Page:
When Ariel Ng wrote Infertile at Thirty-Three, she was shocked by the responses she got.

“I was surprised at how many women reached out,” she said over the phone earlier this week. “That’s what gave birth to this project – The 16 Percent [referring to the 16% of people in Canada who have some experience with infertility]. We started realizing how people do want to talk about it once they’re given a forum.”

Ng works with two other women in publishing, and each one of them has a personal experience with infertility, ranging from PCOS to miscarriages to low AMH. They thought it would be valuable for other women to not feel as alone as they did, so they put together The 16 Percent as a platform for women to tell their stories around infertility, in their own words.

Ng finds there is a lot of lingering shame around the subject. “I know from my personal experience, I felt at times less of a woman, or that my body wasn’t doing what it should be doing…especially when you talk to so many people who are able to conceive, and with social media, where everything is quite visible.”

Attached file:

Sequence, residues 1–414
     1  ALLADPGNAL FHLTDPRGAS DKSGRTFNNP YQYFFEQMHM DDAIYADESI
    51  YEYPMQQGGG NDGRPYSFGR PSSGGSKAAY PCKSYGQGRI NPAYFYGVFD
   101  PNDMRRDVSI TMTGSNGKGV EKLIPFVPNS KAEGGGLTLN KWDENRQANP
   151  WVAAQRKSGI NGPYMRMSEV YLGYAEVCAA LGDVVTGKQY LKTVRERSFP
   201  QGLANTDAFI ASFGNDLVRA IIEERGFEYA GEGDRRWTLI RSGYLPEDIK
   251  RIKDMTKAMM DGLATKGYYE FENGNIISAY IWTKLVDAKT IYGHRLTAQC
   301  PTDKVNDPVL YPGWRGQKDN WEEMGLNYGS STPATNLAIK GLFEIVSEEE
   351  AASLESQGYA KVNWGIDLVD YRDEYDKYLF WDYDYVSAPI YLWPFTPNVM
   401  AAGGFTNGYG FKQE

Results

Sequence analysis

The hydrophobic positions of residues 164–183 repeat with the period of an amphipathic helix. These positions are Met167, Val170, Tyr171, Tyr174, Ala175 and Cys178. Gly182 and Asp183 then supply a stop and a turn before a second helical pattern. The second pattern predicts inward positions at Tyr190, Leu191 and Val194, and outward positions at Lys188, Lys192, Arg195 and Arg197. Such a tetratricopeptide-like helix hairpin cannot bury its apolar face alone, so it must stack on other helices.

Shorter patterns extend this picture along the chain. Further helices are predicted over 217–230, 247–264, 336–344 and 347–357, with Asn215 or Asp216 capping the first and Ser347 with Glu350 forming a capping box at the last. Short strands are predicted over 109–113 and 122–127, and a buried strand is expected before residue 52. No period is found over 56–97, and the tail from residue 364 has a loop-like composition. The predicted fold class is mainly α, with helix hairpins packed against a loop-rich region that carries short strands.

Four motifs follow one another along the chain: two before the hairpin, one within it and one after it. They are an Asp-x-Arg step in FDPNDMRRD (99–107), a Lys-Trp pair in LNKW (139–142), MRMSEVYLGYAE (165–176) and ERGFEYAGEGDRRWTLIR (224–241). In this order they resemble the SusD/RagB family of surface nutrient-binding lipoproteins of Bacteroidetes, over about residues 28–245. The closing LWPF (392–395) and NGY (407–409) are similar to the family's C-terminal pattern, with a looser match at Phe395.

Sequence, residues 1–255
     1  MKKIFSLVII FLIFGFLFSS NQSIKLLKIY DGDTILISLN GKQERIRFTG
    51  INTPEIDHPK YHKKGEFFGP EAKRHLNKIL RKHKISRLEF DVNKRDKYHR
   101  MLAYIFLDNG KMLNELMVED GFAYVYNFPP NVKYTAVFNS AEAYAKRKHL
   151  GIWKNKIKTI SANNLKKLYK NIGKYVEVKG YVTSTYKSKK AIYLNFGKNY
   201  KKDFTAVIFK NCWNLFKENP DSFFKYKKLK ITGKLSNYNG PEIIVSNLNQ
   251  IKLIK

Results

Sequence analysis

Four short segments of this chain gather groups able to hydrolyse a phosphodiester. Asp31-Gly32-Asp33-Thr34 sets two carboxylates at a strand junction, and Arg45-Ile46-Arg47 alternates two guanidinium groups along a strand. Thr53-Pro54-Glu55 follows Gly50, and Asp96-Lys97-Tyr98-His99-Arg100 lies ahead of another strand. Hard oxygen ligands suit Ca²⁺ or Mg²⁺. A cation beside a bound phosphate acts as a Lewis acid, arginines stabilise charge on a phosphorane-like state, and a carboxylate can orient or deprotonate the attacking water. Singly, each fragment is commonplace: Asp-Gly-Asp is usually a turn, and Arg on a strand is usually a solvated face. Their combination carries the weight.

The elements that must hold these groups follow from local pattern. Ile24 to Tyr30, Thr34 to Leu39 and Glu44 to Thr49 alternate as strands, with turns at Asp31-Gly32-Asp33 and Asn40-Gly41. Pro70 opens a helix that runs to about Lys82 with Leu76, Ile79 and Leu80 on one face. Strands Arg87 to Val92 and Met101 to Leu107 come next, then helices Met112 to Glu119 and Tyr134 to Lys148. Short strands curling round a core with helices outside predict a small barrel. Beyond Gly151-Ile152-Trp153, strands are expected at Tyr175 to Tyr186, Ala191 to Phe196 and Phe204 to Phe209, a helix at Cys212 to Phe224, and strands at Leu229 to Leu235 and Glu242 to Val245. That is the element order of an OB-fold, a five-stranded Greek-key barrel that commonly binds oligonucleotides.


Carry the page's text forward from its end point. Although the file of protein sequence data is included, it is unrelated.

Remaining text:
This shame is coupled with a certain degree of reluctance to talk about infertility. Ng doesn’t find platitudes like “everything happens for a reason” or “miscarriages are common” very helpful. “I think just listening and letting the person know you’re there for them [is important]. I had a friend drop off some muffins for me and it was the sweetest little thing to do and it actually made me feel like a million dollars.”

Her journey has had moments of catharsis – but it’s still fraught. “I’m in the process of having a second miscarriage,” she says. “It happened right when we launched. It’s been really hard, to be honest, because it’s right in my face and I’m still going through a lot of the side effects. I’ve been bleeding for a month. It’s been a bad time personally. But at the same time, I find a lot of strength knowing that I’m not alone. I thought I would have to take a step back from reading all the stories, but I’ve actually found it quite helpful.”

Ng hopes that ultimately, there will be less shame associated with infertility. “I don’t want people to feel as ashamed as I did in the past. I think all of us want people to feel empowered by it; in knowing that we’re not alone and that we can talk about it without feeling like it’s a secret and there’s no one else who can understand in this world.”